Digital Down Low: September 9
LinkedIn Conversion Tracking Is Here!
- According to Marketing Land, marketers advertising on LinkedIn have been longing for the ability to marry their website conversion goals, such as form fills, to their ad performance data in LinkedIn Campaign Manager. Today, LinkedIn’s Marketing Solutions team announced the official release of its native conversion tracking for Sponsored Content and Text Ads.
- The built-in conversion tracking measures how many leads, sign-ups, content downloads, and purchases are generated from specific campaigns and ad creative. B2B advertisers now have the ability to examine their conversion performance and adjust campaign statuses, budgets and bids, side-by-side.
- Here are four key things you need to know before you set up your LinkedIn Ads conversion tracking:
- The LinkedIn insight tag is placed across your entire web property. Tip: Use Google Tag Manager to place your LinkedIn insights tag.
- There are seven new conversion-themed metric types: conversions, post-click conversions, view through conversions, conversion rate, cost per conversion, total conversion value and return on ad spend.
- Conversion tracking needs to be assigned to individual campaigns.
- Attribution includes both view-through and post-click conversions. This allows advertisers to better understand assists versus direct response conversion totals, and allocate budget according to their goals.
Twitter Realeases Amazon Alexa App
- According to TechCrunch, Twitter has launched an app for Amazon’s voice platform Alexa, which means you can listen to the latest from Twitter right on your Echo speaker or other Alexa-powered device. The new app can give you general information on trends, or deliver information from your own account, says Twitter.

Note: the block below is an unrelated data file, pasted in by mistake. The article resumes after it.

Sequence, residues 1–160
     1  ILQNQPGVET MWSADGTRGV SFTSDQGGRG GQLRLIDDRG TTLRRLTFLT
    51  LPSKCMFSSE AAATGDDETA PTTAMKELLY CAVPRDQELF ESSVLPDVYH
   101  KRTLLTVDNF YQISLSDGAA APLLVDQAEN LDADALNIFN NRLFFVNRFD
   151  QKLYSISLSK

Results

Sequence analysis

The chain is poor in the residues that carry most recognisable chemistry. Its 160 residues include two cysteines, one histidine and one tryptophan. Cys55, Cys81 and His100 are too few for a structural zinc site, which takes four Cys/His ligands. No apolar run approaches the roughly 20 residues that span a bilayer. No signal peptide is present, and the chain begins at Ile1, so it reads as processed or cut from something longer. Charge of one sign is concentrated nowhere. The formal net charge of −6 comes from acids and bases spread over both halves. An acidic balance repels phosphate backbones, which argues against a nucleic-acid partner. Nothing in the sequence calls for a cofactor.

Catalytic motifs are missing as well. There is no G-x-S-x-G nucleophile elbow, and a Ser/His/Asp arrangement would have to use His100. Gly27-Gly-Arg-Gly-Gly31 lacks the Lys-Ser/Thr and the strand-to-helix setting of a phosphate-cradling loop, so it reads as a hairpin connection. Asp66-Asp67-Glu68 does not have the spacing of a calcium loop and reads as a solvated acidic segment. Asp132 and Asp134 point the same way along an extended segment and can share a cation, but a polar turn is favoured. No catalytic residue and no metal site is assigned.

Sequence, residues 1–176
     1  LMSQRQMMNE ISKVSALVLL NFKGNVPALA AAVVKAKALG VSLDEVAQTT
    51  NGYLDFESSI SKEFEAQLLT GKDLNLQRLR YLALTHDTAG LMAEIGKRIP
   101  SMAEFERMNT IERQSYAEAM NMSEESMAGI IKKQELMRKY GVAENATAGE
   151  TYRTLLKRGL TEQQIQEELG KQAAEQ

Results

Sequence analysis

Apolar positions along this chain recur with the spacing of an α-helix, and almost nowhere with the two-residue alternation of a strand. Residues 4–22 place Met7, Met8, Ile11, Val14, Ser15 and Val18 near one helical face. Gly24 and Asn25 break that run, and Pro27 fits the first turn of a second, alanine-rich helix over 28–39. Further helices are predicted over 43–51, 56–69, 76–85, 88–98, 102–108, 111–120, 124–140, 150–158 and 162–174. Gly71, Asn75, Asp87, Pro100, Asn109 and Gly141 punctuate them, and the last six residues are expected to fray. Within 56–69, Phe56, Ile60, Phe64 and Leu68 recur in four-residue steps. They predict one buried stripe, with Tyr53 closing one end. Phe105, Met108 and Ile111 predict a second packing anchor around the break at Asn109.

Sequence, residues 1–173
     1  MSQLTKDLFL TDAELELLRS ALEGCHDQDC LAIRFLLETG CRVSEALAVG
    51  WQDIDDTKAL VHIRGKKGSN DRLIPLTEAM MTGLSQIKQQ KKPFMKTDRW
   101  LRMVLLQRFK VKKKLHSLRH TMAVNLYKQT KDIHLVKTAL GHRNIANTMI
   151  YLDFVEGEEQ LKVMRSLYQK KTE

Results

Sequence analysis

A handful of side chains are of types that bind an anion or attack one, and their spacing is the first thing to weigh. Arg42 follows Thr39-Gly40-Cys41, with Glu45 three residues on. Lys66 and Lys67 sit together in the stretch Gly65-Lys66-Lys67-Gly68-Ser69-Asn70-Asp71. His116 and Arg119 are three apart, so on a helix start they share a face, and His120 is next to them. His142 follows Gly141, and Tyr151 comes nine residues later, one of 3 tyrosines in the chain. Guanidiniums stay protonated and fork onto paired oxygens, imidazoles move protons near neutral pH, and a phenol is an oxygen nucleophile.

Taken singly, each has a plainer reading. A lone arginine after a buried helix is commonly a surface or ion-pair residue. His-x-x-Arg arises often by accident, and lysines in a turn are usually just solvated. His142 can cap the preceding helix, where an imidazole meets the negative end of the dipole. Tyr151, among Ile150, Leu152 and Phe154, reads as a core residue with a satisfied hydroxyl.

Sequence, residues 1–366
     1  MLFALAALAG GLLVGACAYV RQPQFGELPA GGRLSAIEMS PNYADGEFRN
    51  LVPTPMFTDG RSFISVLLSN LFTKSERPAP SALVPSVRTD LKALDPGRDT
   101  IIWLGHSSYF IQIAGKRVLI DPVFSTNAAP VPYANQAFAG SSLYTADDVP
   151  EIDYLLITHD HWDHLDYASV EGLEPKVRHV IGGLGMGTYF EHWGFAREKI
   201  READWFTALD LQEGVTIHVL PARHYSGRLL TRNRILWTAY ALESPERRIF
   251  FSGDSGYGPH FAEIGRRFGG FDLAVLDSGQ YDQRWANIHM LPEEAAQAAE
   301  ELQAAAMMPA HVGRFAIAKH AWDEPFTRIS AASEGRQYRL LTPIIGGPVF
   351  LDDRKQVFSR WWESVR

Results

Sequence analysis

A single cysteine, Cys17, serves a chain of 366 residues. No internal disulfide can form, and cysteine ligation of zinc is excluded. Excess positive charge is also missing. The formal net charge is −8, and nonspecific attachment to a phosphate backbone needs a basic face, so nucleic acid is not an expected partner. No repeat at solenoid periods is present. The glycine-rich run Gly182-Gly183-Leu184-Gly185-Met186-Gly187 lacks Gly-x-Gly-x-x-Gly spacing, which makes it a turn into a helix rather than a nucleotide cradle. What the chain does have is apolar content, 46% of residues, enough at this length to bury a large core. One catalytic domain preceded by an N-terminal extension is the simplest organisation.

- According to the app’s description you’ll need to authenticate with your Twitter account in order to get started. Afterwards, you can launch the app by saying “Alexa, open Twitter.”
- The virtual assistant can then read your home Timeline to you, as well as your Mentions, Retweets, and Likes. As with other Alexa Skills, you’ll have to learn how to ask for these items, by saying things like “Alexa, ask Twitter for my own tweets,” “Alexa, ask Twitter has anyone retweeted me?,”, “Alexa, ask Twitter for my Mentions,”, “Alexa, ask Twitter what is happening?” and so on. In addition, the app can provide more general information from Twitter’s service, like the current trends or the local trends – meaning, trends for your particular location.
Google’s Clever Plan To Stop ISIS
- According to WIRED, Google has built a half-trillion-dollar business out of divining what people want based on a few words they type into a search field. In the process, it’s stumbled on a powerful tool for getting inside the minds of some of the least understood and most dangerous people on the Internet: potential ISIS recruits. Now one subsidiary of Google is trying not just to understand those would-be jihadis’ intentions, but to change them.
- Jigsaw, the Google-owned tech incubator and think tank—until recently known as Google Ideas—has been working over the past year to develop a new program it hopes can use a combination of Google’s search advertising algorithms and YouTube’s video platform to target aspiring ISIS recruits and ultimately dissuade them from joining the group’s cult of apocalyptic violence. The program, which Jigsaw calls the Redirect Method and plans to launch in a new phase this month, places advertising alongside results for any keywords and phrases that Jigsaw has determined people attracted to ISIS commonly search for.
- “This came out of an observation that there’s a lot of online demand for ISIS material, but there are also a lot of credible organic voices online debunking their narratives,” says Yasmin Green, Jigsaw’s head of research and development. “The Redirect Method is at its heart a targeted advertising campaign: Let’s take these individuals who are vulnerable to ISIS’ recruitment messaging and instead show them information that refutes it”.The results, in a pilot project Jigsaw ran early this year, were surprisingly effective: Over the course of about two months, more than 300,000 people were drawn to the anti-ISIS YouTube channels.